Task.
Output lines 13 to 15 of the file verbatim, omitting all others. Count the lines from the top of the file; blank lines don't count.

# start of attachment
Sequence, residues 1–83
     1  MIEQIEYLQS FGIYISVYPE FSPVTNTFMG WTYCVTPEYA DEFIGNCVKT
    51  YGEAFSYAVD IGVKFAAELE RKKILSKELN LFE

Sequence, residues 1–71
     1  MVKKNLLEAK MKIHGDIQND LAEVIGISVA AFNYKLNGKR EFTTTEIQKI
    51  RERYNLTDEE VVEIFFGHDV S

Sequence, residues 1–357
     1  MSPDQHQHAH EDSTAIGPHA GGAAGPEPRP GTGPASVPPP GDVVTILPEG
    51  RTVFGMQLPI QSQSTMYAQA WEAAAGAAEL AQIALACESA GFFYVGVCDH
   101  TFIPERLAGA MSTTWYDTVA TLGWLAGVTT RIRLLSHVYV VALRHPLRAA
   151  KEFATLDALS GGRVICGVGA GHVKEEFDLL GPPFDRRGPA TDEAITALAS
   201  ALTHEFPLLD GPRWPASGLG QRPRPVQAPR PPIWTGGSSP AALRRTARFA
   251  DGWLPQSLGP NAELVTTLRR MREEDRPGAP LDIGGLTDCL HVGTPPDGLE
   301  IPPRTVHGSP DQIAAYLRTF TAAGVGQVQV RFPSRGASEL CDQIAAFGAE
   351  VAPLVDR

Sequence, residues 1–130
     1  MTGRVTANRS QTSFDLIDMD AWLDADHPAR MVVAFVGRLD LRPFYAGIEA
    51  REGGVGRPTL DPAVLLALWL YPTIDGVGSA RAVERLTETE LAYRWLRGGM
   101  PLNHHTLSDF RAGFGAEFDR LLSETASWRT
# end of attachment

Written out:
   251  DGWLPQSLGP NAELVTTLRR MREEDRPGAP LDIGGLTDCL HVGTPPDGLE
   301  IPPRTVHGSP DQIAAYLRTF TAAGVGQVQV RFPSRGASEL CDQIAAFGAE
   351  VAPLVDR